+
+## How do you attach a profiler to a running CoreCLR process?
+
+***Disclaimer: the code in the dotnet/diagnostics repo referred to below is in prelease and is under active development. You should expect things to change before the official release.***
+
+Attaching a profiler to a running CoreCLR process involves sending a message from an external process (the trigger process) on the diagnostics port telling the runtime which profiler to attach. We have a premade managed implementation over at the [Diagnostics repo](https://github.com/dotnet/diagnostics). The attach method is `DiagnosticHelpers.AttachProfiler` in the `Microsoft.Diagnostics.Tools.RuntimeClient` library, which will be shipped on NuGet once it is released. It takes five arguments:
+
+1) `int processId` - (Required) The process ID to attach to.
+2) `uint attachTimeout` - (Required) A timeout that informs the runtime how long to wait while attempting to attach. This does not impact the timeout of trying to send the attach message.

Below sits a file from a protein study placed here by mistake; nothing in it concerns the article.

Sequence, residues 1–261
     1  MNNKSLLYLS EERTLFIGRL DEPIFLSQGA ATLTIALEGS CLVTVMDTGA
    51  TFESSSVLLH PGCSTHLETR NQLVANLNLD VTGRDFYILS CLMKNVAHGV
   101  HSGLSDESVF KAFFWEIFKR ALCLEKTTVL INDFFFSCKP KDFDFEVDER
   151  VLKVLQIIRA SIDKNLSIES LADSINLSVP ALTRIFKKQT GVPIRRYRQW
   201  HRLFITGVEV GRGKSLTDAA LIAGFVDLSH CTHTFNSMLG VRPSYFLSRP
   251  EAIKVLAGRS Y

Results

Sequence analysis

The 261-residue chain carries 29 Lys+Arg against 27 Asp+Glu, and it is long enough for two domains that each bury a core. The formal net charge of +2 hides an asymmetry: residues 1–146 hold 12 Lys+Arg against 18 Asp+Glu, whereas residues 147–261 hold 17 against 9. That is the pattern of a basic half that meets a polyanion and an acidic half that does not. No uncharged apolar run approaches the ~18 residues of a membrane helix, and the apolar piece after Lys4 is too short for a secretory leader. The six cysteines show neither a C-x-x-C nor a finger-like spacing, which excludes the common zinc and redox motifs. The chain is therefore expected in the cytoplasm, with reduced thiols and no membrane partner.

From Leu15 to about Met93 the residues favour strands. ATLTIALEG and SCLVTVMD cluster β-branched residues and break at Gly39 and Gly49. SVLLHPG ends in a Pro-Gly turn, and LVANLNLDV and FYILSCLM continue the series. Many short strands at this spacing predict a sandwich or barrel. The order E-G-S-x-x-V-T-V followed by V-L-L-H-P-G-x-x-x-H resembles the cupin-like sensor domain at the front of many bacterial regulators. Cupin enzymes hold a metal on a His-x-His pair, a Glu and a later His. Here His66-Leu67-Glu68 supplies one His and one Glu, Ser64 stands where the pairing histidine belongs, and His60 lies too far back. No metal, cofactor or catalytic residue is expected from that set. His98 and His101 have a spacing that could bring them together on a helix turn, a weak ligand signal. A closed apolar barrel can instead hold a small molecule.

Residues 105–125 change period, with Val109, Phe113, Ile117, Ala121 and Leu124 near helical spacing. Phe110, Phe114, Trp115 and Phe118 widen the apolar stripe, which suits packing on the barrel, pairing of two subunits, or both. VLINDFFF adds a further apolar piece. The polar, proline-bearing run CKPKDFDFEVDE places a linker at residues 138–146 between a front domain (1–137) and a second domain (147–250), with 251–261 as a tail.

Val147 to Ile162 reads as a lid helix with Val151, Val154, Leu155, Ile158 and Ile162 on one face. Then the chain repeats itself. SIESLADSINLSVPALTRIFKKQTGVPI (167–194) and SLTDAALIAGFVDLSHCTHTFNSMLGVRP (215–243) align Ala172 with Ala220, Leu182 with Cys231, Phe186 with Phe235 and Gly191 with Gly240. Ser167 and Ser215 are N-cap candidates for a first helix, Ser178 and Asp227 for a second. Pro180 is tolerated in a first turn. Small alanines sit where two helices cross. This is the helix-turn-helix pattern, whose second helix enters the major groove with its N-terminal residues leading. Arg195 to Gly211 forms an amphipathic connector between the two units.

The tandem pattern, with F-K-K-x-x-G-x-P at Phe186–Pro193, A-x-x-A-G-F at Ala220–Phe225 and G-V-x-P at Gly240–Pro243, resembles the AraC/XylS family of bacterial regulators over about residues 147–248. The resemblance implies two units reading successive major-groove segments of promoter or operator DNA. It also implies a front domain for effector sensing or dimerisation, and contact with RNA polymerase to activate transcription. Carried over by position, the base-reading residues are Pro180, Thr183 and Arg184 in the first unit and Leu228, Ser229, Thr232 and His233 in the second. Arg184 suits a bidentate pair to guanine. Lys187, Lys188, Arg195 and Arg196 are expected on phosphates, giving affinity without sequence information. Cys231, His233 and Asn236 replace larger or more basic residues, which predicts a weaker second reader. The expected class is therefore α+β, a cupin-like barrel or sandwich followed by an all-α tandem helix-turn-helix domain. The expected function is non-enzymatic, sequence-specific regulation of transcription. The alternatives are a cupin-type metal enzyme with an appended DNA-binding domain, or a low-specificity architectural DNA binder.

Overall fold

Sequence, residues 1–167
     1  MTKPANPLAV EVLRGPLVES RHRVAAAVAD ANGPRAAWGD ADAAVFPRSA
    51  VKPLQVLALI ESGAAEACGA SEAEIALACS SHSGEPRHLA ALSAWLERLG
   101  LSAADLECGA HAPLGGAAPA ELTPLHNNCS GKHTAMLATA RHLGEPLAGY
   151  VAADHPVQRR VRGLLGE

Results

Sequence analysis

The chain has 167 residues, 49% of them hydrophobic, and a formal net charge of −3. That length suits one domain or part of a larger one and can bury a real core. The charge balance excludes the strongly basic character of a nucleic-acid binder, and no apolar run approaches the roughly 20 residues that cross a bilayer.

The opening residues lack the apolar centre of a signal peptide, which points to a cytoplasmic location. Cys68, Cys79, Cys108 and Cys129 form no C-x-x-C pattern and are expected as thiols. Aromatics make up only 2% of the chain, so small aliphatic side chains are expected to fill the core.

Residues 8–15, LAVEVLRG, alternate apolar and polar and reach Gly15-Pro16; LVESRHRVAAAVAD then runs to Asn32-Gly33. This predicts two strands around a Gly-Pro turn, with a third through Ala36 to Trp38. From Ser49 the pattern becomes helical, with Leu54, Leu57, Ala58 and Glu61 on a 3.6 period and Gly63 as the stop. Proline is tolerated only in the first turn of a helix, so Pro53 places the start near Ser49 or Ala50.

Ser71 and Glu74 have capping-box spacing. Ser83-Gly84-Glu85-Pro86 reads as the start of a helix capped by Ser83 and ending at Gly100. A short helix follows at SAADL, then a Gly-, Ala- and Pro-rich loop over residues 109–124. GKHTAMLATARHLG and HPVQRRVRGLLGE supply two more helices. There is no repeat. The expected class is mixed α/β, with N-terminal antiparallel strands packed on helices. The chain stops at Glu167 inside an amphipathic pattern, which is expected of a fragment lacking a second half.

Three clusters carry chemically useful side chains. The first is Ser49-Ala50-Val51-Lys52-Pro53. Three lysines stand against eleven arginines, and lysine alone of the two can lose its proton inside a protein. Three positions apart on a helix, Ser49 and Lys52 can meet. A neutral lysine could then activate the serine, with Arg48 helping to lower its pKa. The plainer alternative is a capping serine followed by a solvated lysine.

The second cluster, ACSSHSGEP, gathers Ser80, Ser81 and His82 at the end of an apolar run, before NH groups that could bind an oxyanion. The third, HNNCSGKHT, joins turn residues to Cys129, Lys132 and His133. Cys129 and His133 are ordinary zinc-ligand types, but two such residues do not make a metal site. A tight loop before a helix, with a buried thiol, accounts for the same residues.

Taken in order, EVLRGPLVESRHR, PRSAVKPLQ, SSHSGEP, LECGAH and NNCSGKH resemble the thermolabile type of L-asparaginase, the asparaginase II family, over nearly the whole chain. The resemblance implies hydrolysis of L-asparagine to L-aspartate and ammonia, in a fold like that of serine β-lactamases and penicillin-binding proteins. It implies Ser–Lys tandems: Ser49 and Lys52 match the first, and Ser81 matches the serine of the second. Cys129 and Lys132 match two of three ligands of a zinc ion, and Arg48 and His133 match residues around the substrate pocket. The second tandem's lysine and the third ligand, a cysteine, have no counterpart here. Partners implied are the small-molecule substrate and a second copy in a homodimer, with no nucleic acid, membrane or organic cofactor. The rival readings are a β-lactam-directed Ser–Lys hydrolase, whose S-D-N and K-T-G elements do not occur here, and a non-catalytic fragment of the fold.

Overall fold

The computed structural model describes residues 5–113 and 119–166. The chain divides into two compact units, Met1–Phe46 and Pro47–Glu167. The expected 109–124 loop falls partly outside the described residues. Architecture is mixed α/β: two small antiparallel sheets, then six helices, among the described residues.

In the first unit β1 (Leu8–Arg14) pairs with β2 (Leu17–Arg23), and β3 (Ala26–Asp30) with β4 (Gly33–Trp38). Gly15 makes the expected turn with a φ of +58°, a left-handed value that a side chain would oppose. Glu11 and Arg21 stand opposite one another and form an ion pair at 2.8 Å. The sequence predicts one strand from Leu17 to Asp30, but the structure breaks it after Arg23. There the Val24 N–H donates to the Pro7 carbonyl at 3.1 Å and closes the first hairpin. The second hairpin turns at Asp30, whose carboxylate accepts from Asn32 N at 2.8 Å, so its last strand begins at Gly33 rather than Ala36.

+3) `Guid profilerGuid` - (Required) The profiler's GUID to use when initializing.
+4) `string profilerPath` - (Required) The path to the profiler on disk.
+5) `byte[] additionalData` - (Optional) A data blob that will be passed to `ICorProfilerCallback3::InitializeForAttach` as `pvClientData`.
+
+This method returns a status HR following the usual convention, 0 (S_OK) means a profiler was successfully attached and any other value is an error indicating what went wrong.
+
+## What if you can't run managed code in your trigger process?